841211 – The updated “What’s new in Exchange Server 2003” guide for Exchange Server 2003 Service Pack 1 is available:


836413 – You receive an “unexpected error occurred” error message when you try to access resources on a Windows-based network from your Macintosh computer:
833992 – Scheduled POP3 connector e-mail message downloads may not occur on your Windows Small Business Server 2003-based computer:

It’s the home stretch for XP sp2 ……

“We’re on the home stretch for Windows XP SP2! I can’t begin to tell you what a relief it is to see it almost done.” says Michael Howard on his blog.   I agree.  In looking over the Secunia advisories for Internet Explorer… IE is getting pretty nasty these days …..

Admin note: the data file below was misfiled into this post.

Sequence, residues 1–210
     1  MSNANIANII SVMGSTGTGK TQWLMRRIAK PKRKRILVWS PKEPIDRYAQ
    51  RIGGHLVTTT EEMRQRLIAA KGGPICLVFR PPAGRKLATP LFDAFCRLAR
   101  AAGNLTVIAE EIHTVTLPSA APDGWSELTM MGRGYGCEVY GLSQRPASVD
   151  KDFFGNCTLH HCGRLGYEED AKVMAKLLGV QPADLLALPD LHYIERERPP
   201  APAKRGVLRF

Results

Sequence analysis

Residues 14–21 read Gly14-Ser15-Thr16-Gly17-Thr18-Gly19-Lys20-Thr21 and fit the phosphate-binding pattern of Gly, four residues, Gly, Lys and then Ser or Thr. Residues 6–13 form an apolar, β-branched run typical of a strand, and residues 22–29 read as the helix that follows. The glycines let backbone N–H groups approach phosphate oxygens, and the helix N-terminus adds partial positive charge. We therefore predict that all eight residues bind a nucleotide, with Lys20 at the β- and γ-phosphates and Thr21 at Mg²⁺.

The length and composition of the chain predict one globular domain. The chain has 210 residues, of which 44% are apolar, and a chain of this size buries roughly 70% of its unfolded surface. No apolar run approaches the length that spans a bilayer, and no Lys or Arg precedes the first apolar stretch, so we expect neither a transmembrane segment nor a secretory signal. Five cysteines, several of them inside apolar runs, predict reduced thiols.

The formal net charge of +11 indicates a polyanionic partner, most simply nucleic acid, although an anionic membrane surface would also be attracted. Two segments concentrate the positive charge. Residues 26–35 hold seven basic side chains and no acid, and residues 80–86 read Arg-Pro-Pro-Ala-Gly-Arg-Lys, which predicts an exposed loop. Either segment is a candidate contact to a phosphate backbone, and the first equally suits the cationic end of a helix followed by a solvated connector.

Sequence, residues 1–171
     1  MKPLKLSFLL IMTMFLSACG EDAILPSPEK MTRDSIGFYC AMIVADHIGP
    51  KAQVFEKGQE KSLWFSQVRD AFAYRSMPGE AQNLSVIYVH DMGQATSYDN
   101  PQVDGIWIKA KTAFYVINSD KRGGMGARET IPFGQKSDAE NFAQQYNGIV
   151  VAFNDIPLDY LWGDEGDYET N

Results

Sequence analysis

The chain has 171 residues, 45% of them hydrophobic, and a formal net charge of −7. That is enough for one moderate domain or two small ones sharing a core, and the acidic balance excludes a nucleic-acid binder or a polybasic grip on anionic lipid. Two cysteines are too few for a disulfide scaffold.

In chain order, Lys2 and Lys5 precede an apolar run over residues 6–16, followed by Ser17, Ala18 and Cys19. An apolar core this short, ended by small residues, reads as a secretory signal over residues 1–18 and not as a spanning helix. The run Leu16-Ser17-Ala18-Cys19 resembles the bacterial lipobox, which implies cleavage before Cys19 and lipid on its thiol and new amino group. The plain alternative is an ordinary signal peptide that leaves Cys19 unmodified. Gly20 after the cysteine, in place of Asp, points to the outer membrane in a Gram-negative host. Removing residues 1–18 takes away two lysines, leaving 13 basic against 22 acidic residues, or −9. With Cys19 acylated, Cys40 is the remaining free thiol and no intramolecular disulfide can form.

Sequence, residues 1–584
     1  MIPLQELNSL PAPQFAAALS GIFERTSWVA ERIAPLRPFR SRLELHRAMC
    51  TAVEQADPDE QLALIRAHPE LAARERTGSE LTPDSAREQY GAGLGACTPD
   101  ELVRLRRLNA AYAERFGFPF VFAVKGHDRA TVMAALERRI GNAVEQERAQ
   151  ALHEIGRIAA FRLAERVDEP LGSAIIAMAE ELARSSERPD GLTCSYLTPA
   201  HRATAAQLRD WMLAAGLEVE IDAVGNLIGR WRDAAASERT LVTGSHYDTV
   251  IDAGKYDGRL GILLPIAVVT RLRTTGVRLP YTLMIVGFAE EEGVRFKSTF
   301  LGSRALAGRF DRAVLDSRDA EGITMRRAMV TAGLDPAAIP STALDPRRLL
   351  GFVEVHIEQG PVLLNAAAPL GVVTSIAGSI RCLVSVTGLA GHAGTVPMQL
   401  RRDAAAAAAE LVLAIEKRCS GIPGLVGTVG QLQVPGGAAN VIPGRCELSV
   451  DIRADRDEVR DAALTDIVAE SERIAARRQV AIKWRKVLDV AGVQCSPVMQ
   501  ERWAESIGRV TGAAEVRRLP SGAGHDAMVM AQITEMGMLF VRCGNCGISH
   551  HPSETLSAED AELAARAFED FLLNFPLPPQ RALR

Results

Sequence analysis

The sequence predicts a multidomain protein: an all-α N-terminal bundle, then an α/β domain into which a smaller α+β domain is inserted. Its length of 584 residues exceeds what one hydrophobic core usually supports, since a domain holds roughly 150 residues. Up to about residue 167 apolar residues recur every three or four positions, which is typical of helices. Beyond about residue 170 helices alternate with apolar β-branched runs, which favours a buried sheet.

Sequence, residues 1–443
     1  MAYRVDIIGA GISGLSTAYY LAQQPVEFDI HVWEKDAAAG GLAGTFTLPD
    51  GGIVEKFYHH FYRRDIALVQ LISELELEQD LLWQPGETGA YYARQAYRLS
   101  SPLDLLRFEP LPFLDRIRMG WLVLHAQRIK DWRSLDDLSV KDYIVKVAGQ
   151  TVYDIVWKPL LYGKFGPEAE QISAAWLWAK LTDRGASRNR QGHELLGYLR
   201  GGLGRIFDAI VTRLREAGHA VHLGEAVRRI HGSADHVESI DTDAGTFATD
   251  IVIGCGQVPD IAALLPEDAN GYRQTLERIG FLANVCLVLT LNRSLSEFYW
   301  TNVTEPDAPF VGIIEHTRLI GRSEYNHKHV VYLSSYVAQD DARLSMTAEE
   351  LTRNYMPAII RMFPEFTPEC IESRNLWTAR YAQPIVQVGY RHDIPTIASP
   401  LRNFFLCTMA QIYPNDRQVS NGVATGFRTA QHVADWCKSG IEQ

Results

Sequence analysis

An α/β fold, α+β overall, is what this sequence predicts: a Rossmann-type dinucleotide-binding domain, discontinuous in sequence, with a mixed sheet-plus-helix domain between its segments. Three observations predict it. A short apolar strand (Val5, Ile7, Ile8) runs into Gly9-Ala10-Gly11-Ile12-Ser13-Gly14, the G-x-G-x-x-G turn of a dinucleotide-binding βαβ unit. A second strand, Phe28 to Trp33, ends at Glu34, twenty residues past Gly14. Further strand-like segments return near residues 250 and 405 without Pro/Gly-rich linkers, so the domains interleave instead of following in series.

The following are unpatched:
Secunia – Advisories – Internet Explorer File Download Error Message
Denial of Service Weakness:

Secunia – Advisories – Internet Explorer Security Zone Bypass and
Address Bar Spoofing Vulnerability:

Secunia – Advisories – Internet Explorer Local Resource Access and
Cross-Zone Scripting Vulnerabilities:
http://secunia.com/advisories/11793/   <<< this is the Russian IIS one
that is currently being exploited>>

Secunia – Advisories – Microsoft Internet Explorer and Outlook URL
Obfuscation Issue:

Secunia – Advisories – Windows Explorer / Internet Explorer Long Share
Name Buffer Overflow:

Secunia – Advisories – Internet Explorer/Outlook Express Restricted Zone
Status Bar Spoofing: